Rape Survivor Family Protection Act
All Male Conference Committee Fails Rape Survivors
Despite years of advocacy, legislation to create a court process for sexual assault survivors to end the parental rights of rapists when the child was conceived through rape failed again. Legislators delayed acting on the Rape Survivor Family Protection Act until it was too late to actually pass a bill. An all-male conference committee was appointed to decide the fate of the legislation and did not meet until after 10pm. Concerns are being expressed about the composition of the committee. Delegate Ariana Kelly (D-Montgomery County), incoming President of the Women’s Caucus, observed “it is inexcusable that no women were appointed to a conference committee addressing rape and pregnancy.” The bi-partisan Women’s Caucus of Maryland Legislators strongly supported the legislation. In addition to the Women’s Caucus, the bill had a huge range of support including from both the Catholic Conference and Planned Parenthood. In recent years Maryland has been ridiculed in the national media for its failure to address the issue of parental rights of rapists, and last year the Chairman of the Judicial Proceedings Committee was given the “crown for killing off legislation designed to help vulnerable women” but a Washington Post editorial for failing to pass this bill.
As introduced, the Rape Survivor Family Protection Act would have prohibited courts from ordering that the names or personally identifying information of the rape survivor or child conceived from rape be published. The House of Delegates passed the bill with these provisions intact, while the Senate Judicial Proceedings Committee stripped off these provisions and would have allowed judges to order that a rape victim publish her name and the name of the child as a condition of moving forward with litigation. Theoretically, publication is to provide notice that the case exists, but few professionals believe that potential fathers actually read the small ads placed in classified sections to see if they have conceived a child. Ads are, however, included in online versions of newspapers and the names of rape victims and their children can easily be found by search engines, such as Google. The Maryland Attorney General’s office analyzed the bill and confirmed that publication of names is not necessary.
The Rape Survivor Family Protection Act would have created a process to terminate the parental rights of rapists when a child is conceived as a result of rape. About 5% of women of reproductive age who are raped become pregnant as a results, with about 38% carrying a child to term. The legislation, introduced by Delegate Kathleen Dumais, Vice-Chair of the House Judiciary Committee, and Senators Brian Feldman and Susan Lee would have set up a process that permits rape survivors to file a complaint in family court and would have required a judge to hold a trial and make a prompt decision.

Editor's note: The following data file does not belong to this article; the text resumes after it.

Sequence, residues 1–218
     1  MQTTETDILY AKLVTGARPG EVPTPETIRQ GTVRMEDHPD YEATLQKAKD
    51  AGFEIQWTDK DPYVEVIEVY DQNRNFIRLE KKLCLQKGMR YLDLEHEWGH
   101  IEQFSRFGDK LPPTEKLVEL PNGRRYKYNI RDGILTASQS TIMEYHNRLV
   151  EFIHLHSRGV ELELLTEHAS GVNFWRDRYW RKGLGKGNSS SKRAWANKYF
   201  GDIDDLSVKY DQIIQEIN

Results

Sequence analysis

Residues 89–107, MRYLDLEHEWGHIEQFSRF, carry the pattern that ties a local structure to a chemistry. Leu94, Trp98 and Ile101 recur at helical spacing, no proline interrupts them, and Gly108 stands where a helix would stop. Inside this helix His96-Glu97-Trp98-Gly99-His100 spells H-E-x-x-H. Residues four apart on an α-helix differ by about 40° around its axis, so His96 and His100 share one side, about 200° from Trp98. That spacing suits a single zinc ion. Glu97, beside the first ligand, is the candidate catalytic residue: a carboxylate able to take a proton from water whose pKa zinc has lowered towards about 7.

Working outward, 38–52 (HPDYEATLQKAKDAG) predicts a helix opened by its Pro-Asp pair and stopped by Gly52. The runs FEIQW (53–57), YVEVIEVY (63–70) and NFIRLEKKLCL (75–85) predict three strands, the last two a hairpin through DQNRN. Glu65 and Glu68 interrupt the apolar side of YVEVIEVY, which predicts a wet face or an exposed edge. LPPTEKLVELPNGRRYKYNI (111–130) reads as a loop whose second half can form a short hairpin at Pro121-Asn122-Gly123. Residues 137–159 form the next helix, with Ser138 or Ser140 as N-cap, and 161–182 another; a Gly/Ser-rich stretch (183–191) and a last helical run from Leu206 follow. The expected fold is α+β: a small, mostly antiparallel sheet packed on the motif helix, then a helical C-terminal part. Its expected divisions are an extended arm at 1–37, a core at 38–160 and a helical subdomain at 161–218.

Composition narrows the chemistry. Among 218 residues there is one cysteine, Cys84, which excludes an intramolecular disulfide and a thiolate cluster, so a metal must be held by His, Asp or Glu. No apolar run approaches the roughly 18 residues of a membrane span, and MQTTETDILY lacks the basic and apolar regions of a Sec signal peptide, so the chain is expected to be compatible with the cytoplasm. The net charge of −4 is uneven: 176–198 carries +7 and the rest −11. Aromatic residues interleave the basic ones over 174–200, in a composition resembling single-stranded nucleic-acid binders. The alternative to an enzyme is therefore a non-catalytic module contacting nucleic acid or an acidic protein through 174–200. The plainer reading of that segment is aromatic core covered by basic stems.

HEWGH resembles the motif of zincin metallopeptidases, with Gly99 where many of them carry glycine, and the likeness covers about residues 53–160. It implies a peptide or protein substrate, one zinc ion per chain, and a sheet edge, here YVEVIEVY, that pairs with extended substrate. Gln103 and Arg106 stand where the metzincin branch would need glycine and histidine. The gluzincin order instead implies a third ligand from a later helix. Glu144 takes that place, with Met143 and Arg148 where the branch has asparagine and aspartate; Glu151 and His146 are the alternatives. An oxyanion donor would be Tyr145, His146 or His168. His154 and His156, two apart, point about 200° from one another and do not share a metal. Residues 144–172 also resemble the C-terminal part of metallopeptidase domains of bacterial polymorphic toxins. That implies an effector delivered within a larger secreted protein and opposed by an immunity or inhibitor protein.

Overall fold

The bill’s 2016 lead sponsor, Congressman Jamie Raskin, explained his reasons for championing the bill, “State family law should be on the side of women and their children who are working, against great odds, to recover their sense of security, dignity, and stability after the trauma of rape. Maryland should not grant sexual assailants presumptive and categorical paternity rights without giving women the chance to show by clear and convincing evidence that they were impregnated by acts of sexual assault.” Other states have also reported practical concerns. In North Carolina, press reports describe cases where victims wanted to place children conceived through rape up for adoption and the rapist threatened not to terminate his parental rights unless the victim agreed not to press criminal charges.
The legislation would have required “clear and convincing evidence” that the child was conceived as a result of sexual assault and that it is in the best interest of the child to terminate parental rights. This standard of proof is higher than the normal civil standard—“by a preponderance of the evidence”—and is the standard used in all other family law contexts for the judicial termination of parental rights.
Advocates strongly object to requiring a conviction in these cases. “Only about 3.3% of rapes result in a conviction, and we don’t require a conviction in other termination of parental rights cases involving crimes,” said Lisae C. Jordan, Executive Director and Counsel for the Maryland Coalition Against Sexual Assault (MCASA). “Rape victims should have to meet the same standard used in other termination of parental rights cases- no more, no less.”
In 2016, under the leadership of the bill’s sponsors and with the support of a wide variety of organizations and individuals, this bill moved further than ever. This year the bill was on the Maryland Legislative Agenda for Women, and had the support of the Maryland Coalition Against Sexual Assault, Maryland State Bar Association, Office of the Attorney General, the National Association of Social Workers, Women’s Law Center, Planned Parenthood, the Maryland Catholic Conference, Women Legislators of Maryland, Adoptions Together, Maryland Affiliate of the American College of Nurse Midwives, and the Women’s Democratic Club. It is disappointing that the Rape Survivor Family Protection Act was not passed for the 8th time since its first introduction a decade ago, but we will continue our fight to help survivors who become pregnant as a result of rape.
HB 428 – Presented to the House on Jan. 26, 2017
Editorials published by the Washington Post: